To their credit, the actors have to play the students in a hateful way that is thankless, but the result is realistic enough and convincing, even if the film is not a breakthrough. Like American Graffiti and Dazed & Confused, it is one of those films where the cast featured multiple breakout actors and stars, the kind of film we are disturbingly not getting enough of now. Frazer proved up front that he could go a few rounds with anyone acting-wise, though h e ironically had insane amounts of commercial blockbusters to his name before personal issues 9and him being sexually harassed) derailed his great career before his recent comeback.

Mandell is a solid director (he launched The X-Files by helming its first pilot episode before directing this film) and this remains his best feature film work, but cheers to Sherry Lansing, a super-producer of the time who was on such a roll that shew eventually became president of Paramount Pictures for many very successful years. School Ties has aged very well and will surprise those who have never seen it or have not seen it in a long time. Glad to see it get such deluxe treatment.

Extras are many, including a NEW Audio commentary by filmmaker / film historian Jim Hemphill that was just recorded for this release,

a Limited Edition slipcase on the first 1,500 copies and from the archives:

  • an Interview with actor Matt Damon (1992)

  • Interview with actor Brendan Fraser (1992)

  • Interview with producer Sherry Lansing (1992)

  • Interview with actor Chris O'Donnell (1992)

  • and an Interview with director Robert Mandel (1992)

Now for playback performance. The 1080p 1.85 X 1 digital High Definition image on City looks like the same exact HD master used on the old Lionsgate/Miramax U.S. Blu-ray we covered a few years ago and it is passable, but a 4K version down the line would be nice, especially with its combination of 35mm and 16mm film. The DTS-HD MA (Master Audio) 5.1 lossless mix sounds a little weaker than that older U.S. Blu-ray, but we get a PCM 2.0 Stereo mix that has some detail to it the DTS seems to lack.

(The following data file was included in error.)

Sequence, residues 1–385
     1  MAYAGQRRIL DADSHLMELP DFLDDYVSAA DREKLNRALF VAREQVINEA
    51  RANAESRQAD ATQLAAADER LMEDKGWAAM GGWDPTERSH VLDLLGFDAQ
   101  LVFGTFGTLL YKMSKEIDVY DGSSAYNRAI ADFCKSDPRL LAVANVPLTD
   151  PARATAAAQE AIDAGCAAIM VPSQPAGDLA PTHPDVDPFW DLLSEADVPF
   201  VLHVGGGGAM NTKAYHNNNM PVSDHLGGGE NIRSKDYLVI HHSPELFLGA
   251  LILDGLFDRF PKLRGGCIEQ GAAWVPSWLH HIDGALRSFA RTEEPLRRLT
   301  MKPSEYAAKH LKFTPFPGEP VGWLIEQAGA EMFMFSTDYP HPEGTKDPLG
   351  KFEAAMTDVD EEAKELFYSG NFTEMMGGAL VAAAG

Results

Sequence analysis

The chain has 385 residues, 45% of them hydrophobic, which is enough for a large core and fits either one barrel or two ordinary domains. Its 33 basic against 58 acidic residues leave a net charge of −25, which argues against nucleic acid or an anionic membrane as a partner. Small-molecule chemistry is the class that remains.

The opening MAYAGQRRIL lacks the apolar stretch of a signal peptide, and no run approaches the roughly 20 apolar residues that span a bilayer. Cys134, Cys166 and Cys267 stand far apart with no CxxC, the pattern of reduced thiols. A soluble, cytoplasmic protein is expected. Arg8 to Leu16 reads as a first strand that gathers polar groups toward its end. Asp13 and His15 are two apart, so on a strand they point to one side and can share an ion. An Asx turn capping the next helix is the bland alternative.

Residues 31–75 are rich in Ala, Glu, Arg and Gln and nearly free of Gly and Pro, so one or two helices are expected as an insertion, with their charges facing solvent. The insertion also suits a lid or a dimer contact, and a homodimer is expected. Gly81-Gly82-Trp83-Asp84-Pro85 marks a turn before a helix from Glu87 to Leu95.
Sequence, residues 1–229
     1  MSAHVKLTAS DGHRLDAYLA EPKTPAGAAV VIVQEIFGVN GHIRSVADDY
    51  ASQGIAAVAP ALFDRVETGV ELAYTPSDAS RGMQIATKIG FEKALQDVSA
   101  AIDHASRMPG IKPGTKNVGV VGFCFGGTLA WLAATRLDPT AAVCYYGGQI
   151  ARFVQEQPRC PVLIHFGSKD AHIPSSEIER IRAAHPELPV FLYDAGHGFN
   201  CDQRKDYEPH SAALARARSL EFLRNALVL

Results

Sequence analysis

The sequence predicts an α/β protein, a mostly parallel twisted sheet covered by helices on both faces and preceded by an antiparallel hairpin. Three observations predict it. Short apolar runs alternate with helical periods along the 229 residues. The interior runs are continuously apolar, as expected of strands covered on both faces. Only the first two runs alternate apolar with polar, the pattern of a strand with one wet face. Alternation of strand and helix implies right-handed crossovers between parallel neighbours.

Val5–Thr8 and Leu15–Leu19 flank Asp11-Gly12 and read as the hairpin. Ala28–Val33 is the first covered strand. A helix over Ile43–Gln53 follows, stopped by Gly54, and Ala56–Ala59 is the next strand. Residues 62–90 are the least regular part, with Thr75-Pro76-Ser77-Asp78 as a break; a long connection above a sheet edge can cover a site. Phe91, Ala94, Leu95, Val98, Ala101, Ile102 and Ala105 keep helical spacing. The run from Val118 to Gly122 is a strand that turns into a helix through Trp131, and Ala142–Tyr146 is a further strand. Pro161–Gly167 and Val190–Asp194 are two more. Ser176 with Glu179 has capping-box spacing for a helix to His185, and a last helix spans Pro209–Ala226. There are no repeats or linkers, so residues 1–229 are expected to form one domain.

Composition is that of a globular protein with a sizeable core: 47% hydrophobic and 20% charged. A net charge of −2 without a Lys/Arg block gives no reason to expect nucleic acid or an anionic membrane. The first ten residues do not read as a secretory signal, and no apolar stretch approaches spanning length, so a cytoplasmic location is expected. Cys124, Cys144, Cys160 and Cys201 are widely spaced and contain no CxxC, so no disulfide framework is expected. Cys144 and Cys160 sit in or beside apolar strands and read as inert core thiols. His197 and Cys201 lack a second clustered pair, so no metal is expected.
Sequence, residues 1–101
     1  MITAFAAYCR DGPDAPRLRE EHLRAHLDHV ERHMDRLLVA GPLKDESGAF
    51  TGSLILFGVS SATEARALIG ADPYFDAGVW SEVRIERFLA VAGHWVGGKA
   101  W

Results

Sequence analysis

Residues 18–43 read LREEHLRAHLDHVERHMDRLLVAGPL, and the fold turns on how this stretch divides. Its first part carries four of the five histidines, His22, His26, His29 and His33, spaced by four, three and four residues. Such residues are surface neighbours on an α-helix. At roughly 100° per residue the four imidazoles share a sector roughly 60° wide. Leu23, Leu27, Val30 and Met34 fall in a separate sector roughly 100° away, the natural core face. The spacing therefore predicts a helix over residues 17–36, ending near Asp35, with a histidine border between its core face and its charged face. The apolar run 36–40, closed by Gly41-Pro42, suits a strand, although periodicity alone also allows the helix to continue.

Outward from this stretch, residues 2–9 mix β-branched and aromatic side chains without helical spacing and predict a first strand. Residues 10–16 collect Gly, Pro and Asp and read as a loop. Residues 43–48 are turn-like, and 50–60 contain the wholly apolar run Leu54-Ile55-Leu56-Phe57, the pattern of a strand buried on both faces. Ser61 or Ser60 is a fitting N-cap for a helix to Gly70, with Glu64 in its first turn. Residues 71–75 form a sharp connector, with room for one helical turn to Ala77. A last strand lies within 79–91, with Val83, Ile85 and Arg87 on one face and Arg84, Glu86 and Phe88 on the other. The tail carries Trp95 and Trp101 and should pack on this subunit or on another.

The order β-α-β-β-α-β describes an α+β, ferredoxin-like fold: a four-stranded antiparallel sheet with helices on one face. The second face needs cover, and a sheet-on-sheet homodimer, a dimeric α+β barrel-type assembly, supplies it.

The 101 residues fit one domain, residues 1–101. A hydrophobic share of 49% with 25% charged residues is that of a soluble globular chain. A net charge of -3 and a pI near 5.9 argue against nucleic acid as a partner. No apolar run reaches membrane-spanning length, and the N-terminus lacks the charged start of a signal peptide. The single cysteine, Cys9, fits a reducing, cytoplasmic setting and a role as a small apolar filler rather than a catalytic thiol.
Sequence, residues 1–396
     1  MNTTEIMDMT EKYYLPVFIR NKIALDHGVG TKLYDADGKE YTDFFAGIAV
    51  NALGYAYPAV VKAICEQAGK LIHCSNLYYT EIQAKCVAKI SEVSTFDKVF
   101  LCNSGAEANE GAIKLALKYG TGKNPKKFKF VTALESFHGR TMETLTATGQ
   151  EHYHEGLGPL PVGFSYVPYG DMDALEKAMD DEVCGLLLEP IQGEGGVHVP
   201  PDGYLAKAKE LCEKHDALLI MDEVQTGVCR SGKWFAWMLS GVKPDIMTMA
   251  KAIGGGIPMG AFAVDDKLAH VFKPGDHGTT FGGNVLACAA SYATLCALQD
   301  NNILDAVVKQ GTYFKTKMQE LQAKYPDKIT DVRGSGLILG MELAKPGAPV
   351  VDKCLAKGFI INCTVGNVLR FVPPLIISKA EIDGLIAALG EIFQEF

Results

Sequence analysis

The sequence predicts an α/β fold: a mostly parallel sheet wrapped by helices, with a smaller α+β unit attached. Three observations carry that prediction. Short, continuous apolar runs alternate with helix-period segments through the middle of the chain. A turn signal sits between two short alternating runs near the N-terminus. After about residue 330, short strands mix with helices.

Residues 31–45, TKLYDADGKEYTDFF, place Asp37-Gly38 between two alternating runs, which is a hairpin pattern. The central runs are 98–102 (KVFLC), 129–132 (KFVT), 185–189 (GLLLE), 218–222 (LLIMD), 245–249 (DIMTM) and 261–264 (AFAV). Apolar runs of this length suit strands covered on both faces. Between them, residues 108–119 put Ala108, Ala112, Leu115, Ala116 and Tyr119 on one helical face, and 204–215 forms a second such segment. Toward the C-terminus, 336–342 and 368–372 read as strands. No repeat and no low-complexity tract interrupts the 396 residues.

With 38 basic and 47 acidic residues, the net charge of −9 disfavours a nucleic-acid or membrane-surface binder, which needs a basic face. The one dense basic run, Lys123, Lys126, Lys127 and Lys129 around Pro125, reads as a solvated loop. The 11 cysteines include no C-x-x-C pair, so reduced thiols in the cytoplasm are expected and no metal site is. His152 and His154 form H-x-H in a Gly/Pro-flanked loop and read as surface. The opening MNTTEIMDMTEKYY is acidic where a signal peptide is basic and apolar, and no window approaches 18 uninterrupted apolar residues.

The 1080p image qualities on the Moodysson set are usually 1.85 X 1 and color (Container is in black & white, while Mammoth is a Super 35mm shoot at 2.35 X 1) with the films looking as good as they can in the format, though Heart and Mammoth are the most off visually due to their experimentation. All films are digital sound releases, save Show Me Love, which was originally a Dolby SR film, but all are here in lossless DTS-HD MA (Master Audio) 5.1 and PCM 2.0 Stereo mixes. They show their age and budgets in this respect, plus there can be moments of silence or the films are dialogue-based, so only expect so much from the audio. Mammoth is when the films sound more to date, but we gather is is as good as they will ever sound.

The 1080p 1.85 X 1 digital High Definition image transfer on School Ties looks like a new HD master and impresses like nothing I have seen of the film since its original 35mm theatrical release. This is a nicely shot, consistent-looking film that is a little underrated for its consistency, while the DTS-HD MA (Master Audio) 5.1 and PCM 2.0 Stereo lossless mixes sound about as good as they can for a film of this age, one of the last pre-theatrical digital sound film releases. This one was apparently older Dolby A-type analog sound, not the newer SR (Spectral Recording) analog noise reduction system.

To order either of the import Blu-rays, go to these links:

City Of God


School Ties


- Nicholas Sheffo